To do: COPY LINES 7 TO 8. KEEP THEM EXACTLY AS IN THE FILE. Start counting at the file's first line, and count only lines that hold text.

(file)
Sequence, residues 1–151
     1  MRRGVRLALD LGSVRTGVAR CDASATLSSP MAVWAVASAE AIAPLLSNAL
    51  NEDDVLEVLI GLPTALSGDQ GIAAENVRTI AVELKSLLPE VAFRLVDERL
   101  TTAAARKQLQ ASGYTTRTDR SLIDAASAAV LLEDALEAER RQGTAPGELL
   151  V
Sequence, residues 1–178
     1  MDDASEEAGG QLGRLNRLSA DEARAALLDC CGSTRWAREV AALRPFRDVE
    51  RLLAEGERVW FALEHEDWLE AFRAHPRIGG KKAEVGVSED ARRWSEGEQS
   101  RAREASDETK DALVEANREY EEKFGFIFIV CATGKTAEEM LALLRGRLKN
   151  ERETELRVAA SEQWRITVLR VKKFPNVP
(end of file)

     1  MDDASEEAGG QLGRLNRLSA DEARAALLDC CGSTRWAREV AALRPFRDVE
    51  RLLAEGERVW FALEHEDWLE AFRAHPRIGG KKAEVGVSED ARRWSEGEQS